I remember during the past years, I used to be a follower of other people’s attitude and opinions towards their bad situations. For instance, if someone expressed their frustrations in a given situation, I will follow and believe that I will be just as frustrated as them, even without trying. This was mostly in school and workplaces.
With next week’s date for Master thesis hand-in, plenty of students will be pleased to celebrate the final hurdle in getting their academic degree. But beyond all the excitement of celebrating the finished assignments, will the students also be mourning the loss of their student identity? Reality lies ahead and the CBS days may be harder to transfer out of than one might think.
"Did I gain power or give up power by saying goodbye to that old green booklet – the Tanzanian passport?" asks Eric Maganga in his latest blog. And why is it so scary to let go of the 'old' identity?
With the recent revelation that Cambridge Analytica exploited the data of 80 million Facebook profiles, should we, as users, take the last stand and #deletefacebook?
My current situation is that I am challenging myself with the difficult subjects that normally one would rather give up on. As a student, challenging myself has been one of my strengths.
"I can see if they have opened my messages. Then it burns if they don’t reply," writes Eric Maganga in his latest blog about the overwhelming feelings and negative thoughts that sometimes come crawling when his friends and relatives are not responding.
Students would rather spend their money than risk missing out on having fun with their friends. They all have a restaurant budget, and they all want to spend their savings on travel. Student reporter, Caroline Sølver, asked four of her friends who are doing their bachelors in Intercultural Market Communication at CBS about their relationship with money.
As time comes closer to the final decision on whether or not the big lockout of over 120.000 state employees will happen, thoughts arise on what role the younger generation should play in the conflict. Is this the students’ fight to fight?
Entering this new semester, I am feeling the pressure more than ever! Imagine doing such a great job to a point where you feel that you have set new standards to keep up and in addition to that, the people around you have set the same standards for you too. This is my current situation.
"This is the kind of blog you don't share on your Facebook page. Even for an emotional exhibitionist like me," writes Eric Maganga in his latest blog about being lonely. You can read the blog and listen to the voice over of the blog at the bottom of the blog.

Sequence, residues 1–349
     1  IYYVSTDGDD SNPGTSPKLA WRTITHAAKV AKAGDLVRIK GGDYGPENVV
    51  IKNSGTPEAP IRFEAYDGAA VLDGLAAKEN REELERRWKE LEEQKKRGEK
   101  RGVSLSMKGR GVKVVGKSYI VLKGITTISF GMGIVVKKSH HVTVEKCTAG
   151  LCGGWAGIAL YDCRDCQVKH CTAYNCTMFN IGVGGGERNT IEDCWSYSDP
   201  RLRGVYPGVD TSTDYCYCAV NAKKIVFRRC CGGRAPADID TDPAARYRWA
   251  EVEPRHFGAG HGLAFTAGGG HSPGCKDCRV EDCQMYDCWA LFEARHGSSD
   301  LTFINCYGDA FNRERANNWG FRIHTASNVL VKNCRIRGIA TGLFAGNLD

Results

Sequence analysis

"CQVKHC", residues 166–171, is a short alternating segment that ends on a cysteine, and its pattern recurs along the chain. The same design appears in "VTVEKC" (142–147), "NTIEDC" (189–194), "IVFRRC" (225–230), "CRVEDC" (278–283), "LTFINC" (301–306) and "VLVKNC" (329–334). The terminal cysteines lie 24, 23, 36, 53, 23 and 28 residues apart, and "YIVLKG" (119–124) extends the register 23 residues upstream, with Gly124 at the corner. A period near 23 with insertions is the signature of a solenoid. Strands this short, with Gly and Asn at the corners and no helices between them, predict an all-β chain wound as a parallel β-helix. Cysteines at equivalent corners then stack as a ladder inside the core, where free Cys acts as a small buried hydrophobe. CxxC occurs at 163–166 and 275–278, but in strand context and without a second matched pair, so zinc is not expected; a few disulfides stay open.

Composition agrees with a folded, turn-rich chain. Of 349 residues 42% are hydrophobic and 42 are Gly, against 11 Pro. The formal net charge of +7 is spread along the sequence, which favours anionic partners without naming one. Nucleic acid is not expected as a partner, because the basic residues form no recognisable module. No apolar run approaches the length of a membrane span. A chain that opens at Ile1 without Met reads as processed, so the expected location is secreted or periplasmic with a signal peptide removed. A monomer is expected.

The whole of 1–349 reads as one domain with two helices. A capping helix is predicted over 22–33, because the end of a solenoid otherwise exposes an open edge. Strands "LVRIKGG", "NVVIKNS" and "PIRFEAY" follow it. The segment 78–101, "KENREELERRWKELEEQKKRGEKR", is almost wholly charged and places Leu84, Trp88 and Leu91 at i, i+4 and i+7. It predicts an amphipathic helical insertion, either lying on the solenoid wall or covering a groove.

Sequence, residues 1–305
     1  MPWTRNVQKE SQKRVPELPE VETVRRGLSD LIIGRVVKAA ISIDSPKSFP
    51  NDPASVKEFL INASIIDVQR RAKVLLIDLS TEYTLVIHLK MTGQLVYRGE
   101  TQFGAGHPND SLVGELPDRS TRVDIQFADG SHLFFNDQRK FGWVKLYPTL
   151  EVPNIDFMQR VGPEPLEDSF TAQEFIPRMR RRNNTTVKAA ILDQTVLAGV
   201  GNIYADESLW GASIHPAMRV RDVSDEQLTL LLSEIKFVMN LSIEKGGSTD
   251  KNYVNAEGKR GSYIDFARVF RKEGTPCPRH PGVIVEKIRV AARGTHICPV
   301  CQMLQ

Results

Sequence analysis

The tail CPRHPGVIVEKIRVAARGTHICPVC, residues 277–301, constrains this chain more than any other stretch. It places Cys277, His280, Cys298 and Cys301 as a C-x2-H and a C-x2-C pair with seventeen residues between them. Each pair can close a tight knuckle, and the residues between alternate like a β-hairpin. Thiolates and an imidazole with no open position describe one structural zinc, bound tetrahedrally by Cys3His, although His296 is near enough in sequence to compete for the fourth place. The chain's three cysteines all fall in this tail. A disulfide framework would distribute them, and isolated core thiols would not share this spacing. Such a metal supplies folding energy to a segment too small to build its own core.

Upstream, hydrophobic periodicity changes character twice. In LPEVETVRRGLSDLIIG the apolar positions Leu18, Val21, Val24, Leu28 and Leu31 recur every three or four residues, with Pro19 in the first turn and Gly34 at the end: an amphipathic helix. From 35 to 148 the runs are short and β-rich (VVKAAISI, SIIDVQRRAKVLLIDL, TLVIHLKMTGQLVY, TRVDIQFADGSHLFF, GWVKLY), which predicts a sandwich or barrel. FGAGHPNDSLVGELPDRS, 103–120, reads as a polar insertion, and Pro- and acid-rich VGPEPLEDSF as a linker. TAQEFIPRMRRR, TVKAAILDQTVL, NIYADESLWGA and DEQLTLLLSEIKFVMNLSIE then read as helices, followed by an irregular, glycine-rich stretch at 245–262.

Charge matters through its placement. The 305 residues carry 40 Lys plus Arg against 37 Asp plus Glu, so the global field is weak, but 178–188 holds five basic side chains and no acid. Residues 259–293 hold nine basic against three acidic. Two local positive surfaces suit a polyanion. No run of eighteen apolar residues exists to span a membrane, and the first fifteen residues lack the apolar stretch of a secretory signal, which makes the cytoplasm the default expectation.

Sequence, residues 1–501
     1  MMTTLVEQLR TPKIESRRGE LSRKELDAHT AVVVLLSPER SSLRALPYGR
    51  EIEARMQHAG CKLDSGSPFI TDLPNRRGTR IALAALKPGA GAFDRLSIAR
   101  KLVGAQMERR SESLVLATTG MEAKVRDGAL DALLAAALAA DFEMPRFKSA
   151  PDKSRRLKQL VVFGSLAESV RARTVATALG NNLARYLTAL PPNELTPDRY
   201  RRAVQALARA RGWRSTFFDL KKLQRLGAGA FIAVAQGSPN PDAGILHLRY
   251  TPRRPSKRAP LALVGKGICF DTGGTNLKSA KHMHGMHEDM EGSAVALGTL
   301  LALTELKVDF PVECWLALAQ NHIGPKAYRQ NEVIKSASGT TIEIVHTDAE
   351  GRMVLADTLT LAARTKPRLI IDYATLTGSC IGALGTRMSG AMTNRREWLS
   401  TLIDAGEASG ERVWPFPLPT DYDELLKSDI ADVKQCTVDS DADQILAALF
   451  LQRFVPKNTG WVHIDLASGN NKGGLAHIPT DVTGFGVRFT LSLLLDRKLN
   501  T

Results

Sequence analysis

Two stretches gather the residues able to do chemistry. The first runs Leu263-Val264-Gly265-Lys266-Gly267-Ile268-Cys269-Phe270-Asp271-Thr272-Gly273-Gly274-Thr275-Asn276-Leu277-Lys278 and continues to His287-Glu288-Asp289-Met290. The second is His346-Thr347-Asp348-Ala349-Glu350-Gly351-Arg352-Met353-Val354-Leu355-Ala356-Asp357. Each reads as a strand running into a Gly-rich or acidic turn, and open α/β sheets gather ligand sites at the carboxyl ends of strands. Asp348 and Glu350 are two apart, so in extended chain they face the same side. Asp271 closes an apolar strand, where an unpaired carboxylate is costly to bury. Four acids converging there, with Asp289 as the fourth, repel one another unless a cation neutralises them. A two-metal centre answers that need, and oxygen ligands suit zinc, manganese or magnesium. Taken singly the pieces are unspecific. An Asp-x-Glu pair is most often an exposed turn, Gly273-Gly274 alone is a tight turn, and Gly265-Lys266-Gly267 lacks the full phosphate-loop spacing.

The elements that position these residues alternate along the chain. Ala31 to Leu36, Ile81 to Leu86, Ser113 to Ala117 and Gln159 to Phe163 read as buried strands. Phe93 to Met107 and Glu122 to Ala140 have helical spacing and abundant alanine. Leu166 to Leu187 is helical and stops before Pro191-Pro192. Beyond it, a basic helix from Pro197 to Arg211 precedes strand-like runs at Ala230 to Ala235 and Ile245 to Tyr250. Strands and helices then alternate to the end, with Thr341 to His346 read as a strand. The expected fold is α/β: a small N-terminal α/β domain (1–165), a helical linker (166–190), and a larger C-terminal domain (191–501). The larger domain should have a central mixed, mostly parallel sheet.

Monday morning, I log into mycbs.dk and check my CBS emails per usual. I see 40 unread messages, 7 assignment deadlines and over 200 book pages to read. I immediately start shaking and sweating. I now realise that I am stressing. Stress has taken over my life! I feel helpless and do not know where to begin with all these deadlines. How am I going to survive this?
We spend more and more time on our individual tablets and mobile phones where we shift between various apps and programs. With its endless choices, the modern streaming life seems like a liberal utopia. But are these new habits creating a more lonely and isolated life?
"He wrote in his journal he needs to find a unique skill," writes Eric Maganga in his latest blog about unemployment, and what it does to you. You can listen to the voice over of the blog at the bottom of the blog.
At first, Merveille Musungay kept her blog anonymous, but given that she wanted to encourage and motivate others, she had to put herself out there. Merveille Musungay is CBS WIRE’s new blogger, and she will blog about failure, how to battle stress, and her everyday life as a CBS student.
CBS student Eric Maganga will be blogging for CBS Wire about personal stuff such as loneliness, shyness, and dating. Blogging for him is a way of coming out his comfort zone, and he hopes that the people at CBS will be able to identify with his blogs, which in format spans from regular texts to sound bites and poems.
The old stereotypes still rule – or do they? With the new school year starting, we also need to start embracing the broader student body, especially when we think about what a CBS student is.
We probably all want to do something we are passionate about. But what if the search for our passion blocks the opportunities that are right in front of us? Signe Lund Bunke decided to stop searching for her dream job and instead just take a chance and passion came along.
Monday’s are crucial in my team. We have our weekly editorial meetings and set the agenda for the rest of the week. Despite it being Monday morning, I quite look forward to getting to work since my colleague Isabella will be waiting for me with our usual breakfast, which consists of a croissant. It’s not all bad.
Signe Lund Bunke graduated from CBS a short while ago and started searching for a job. All of a sudden, she had two job offers at the same time. In her blog, she shares her thoughts about how she made a decision.
As the August sun burns, summer is slowly coming to an end. Ahead lies a new school year with tasks and challenges, making us question whether or not the last few months have been successfully used as a student.